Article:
A Rogue Librarian's Reading List











{September 14, 2013}   The Color Purple by Alice Walker

color purplePlot: Two sisters, raised in an abusive household, are separated by the men in their lives but they remain loyal to each other for decades through pain, loss and love, in spite of insurmountable distances and overwhelming odds.

This is a novel that I have been meaning to read for a long time but that I was simultaneously wary of reading. I had read a sample chapter and was left deeply troubled by the frank discussion of abuse, incest and rape. I’m glad I worked past my reluctance, however, because this is an amazing book, truly deserving its Pulitzer Prize. Don’t get me wrong, this novel is hard, triggery and often unhappy. But Celie and Nettie’s voices are so authentic, their struggles, so engaging that I could not put the novel down.

This is a novel written in letters. Most of the letters are written by the elder sister, Celie. Celie writes as she speaks, something which I don’t like in fiction generally, but Walker handles it so well that far from getting in the way of the narrative, it enhances it. It truly feels like Celie’s voice. She addresses her letters to God, at least at first, because she has no one else to write to. But as she comes to believe in her sister’s survival and see the beauty and divinity in the world around her, Nettie becomes her audience. There is so much going on in her narrative that it is hard to capture in a short review: abuse (verbal, physical and sexual), racism, family, marriage, prison, love and women finding their power. It is simply life, in all its complexity, for black women in the southern United States.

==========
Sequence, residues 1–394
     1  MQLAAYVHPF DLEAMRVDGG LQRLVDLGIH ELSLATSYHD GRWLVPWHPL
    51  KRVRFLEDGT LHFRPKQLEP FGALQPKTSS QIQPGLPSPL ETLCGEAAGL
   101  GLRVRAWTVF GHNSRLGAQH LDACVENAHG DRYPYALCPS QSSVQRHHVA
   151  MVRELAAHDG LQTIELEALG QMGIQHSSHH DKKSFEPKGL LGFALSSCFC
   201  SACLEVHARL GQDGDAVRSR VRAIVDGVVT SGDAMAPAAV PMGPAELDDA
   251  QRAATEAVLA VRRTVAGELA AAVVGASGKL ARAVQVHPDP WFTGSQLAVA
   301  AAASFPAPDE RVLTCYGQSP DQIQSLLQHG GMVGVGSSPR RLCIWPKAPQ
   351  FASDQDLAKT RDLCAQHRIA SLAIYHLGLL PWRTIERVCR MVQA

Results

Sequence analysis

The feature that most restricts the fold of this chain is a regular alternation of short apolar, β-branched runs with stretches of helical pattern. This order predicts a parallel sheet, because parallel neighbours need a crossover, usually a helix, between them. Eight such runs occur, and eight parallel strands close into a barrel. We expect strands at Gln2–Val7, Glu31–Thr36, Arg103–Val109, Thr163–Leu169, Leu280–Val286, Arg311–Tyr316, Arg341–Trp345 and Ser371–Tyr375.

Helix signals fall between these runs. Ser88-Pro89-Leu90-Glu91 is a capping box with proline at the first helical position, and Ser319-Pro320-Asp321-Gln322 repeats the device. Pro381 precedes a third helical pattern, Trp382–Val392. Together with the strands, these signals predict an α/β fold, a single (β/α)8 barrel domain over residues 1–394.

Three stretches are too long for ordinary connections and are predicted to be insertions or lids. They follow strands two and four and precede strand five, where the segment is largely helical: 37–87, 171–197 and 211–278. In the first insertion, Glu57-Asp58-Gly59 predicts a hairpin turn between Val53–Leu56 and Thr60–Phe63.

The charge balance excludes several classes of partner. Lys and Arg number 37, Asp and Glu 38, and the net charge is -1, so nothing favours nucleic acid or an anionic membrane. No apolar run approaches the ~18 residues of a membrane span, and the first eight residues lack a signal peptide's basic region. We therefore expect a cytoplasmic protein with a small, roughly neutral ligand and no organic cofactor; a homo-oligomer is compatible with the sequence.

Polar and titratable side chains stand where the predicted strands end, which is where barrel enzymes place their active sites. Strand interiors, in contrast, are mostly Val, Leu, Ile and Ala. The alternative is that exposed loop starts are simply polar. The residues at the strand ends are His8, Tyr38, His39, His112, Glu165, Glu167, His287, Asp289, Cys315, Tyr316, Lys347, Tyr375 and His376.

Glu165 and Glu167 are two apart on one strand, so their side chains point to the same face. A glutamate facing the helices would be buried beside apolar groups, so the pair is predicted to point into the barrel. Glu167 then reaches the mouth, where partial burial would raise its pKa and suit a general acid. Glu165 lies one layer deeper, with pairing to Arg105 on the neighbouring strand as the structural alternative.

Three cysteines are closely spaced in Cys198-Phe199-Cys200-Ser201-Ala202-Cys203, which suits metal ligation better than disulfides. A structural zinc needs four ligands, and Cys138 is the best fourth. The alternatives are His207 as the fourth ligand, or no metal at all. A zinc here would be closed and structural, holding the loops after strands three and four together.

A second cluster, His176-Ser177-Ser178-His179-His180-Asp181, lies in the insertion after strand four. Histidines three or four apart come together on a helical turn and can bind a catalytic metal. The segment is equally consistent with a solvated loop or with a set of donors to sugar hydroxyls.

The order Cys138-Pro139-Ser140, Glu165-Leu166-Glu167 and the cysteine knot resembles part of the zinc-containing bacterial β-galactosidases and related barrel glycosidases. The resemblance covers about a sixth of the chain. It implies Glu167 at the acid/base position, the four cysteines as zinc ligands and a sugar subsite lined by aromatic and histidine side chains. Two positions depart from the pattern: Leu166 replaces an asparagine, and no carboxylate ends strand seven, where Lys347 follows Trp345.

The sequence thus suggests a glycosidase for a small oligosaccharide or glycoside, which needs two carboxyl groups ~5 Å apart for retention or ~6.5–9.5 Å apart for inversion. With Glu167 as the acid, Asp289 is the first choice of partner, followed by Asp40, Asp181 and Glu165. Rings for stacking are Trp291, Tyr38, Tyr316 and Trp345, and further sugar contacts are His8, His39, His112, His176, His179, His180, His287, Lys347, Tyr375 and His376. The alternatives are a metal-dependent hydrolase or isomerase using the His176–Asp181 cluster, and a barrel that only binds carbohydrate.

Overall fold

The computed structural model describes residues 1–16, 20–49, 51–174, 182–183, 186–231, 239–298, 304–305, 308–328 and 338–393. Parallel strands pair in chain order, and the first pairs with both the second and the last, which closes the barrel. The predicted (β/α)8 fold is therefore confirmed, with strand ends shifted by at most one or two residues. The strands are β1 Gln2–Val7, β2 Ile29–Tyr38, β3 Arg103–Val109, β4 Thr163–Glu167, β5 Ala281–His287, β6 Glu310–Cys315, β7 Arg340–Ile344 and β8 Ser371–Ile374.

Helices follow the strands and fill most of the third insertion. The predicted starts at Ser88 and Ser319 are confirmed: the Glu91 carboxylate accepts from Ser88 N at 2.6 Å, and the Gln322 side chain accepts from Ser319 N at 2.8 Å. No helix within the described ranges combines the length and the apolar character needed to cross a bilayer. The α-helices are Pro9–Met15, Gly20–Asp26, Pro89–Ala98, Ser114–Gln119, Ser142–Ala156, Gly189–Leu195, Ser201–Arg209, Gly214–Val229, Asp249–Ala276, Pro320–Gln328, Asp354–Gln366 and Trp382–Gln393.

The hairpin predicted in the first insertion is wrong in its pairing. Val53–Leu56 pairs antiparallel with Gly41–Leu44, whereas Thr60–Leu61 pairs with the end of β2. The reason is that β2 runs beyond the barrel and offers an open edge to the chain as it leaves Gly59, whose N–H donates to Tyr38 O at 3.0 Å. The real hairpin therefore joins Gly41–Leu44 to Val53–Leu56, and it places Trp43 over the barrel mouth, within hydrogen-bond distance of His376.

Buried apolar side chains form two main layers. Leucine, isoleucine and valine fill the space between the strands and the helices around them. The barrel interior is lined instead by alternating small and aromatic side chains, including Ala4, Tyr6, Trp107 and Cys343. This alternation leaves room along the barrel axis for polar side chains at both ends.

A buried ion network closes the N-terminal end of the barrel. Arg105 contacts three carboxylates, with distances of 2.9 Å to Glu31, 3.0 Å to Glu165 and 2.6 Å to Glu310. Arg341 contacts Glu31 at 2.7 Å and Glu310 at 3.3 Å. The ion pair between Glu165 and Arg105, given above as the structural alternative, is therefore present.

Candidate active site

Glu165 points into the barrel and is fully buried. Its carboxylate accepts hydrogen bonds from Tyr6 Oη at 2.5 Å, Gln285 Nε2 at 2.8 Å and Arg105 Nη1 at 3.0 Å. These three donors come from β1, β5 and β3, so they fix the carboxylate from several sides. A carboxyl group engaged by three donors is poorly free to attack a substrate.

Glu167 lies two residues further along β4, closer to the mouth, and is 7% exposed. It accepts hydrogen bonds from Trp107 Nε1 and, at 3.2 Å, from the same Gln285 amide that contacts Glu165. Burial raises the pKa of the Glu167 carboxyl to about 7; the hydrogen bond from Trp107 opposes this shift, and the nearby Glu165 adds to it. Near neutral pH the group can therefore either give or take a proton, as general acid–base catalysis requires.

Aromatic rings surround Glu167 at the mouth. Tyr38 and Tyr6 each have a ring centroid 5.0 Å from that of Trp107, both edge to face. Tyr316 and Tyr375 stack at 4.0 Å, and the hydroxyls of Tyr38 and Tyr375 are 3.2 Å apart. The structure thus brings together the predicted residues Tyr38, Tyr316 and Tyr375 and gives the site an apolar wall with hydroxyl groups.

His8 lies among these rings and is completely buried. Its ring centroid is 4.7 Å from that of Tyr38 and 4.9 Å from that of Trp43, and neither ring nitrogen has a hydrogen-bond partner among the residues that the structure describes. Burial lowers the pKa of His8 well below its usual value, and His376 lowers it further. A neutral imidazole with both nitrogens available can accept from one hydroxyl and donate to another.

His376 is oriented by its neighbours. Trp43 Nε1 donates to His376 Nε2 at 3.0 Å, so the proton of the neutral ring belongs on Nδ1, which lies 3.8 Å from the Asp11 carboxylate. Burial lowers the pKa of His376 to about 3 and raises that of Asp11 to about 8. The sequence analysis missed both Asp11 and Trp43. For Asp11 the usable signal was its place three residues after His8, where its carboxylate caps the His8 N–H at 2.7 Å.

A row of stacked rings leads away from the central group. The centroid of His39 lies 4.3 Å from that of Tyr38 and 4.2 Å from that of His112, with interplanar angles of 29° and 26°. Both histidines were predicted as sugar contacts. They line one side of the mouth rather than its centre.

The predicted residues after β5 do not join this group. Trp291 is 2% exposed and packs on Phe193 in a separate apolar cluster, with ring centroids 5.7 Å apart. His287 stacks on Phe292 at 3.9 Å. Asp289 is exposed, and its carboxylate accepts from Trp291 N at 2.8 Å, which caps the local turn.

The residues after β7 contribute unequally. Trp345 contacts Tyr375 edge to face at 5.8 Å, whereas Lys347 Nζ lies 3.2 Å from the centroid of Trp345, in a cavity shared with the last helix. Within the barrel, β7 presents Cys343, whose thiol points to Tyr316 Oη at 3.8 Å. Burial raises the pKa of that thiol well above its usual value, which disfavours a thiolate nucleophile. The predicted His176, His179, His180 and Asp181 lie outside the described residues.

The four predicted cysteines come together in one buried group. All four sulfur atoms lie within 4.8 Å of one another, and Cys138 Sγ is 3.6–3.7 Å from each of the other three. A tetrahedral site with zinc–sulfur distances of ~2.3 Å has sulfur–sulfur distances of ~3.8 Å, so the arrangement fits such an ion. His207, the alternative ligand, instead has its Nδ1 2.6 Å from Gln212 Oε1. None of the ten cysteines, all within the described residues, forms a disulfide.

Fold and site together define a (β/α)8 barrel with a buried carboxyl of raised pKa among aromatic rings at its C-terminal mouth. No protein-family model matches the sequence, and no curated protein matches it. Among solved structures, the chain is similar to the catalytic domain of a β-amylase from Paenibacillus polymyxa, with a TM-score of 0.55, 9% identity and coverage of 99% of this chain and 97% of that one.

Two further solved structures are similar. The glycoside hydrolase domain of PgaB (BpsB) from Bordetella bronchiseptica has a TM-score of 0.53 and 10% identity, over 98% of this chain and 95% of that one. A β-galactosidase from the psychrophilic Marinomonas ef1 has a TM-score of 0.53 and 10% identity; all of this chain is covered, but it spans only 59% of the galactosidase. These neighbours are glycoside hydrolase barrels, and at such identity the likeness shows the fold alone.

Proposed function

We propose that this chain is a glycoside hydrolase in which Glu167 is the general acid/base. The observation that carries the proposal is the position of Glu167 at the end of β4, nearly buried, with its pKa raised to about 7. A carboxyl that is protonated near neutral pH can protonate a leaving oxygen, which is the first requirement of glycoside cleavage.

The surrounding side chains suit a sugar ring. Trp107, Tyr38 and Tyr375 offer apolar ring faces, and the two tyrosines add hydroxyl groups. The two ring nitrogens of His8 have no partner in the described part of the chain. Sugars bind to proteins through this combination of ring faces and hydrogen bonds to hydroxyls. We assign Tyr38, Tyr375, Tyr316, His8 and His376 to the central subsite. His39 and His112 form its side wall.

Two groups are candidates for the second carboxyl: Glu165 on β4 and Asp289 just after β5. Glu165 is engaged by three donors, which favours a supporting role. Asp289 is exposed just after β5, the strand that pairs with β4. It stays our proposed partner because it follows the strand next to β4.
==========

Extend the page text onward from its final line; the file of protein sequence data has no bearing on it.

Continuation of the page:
Nettie’s letters come later in the novel and deal with her mission to Africa, with the destruction of a tribe and a way of life in the name of economics and progress. There are some disturbing aspects to this mission: the missionaries look upon the Olinka and their traditions as primitive and they are hurt that they are not viewed much differently than the white missionaries. But one cannot ignore the truth that sometimes that even the well-intentioned can do or say troubling things. And Nettie’s narrative has its own ups and downs. It is as emotional and engaging as her sister’s.

Emotional, engaging, thought-provoking, spiritual… this is quite simply a beautiful, if difficult novel. One to read again and again.

2013 (#43)

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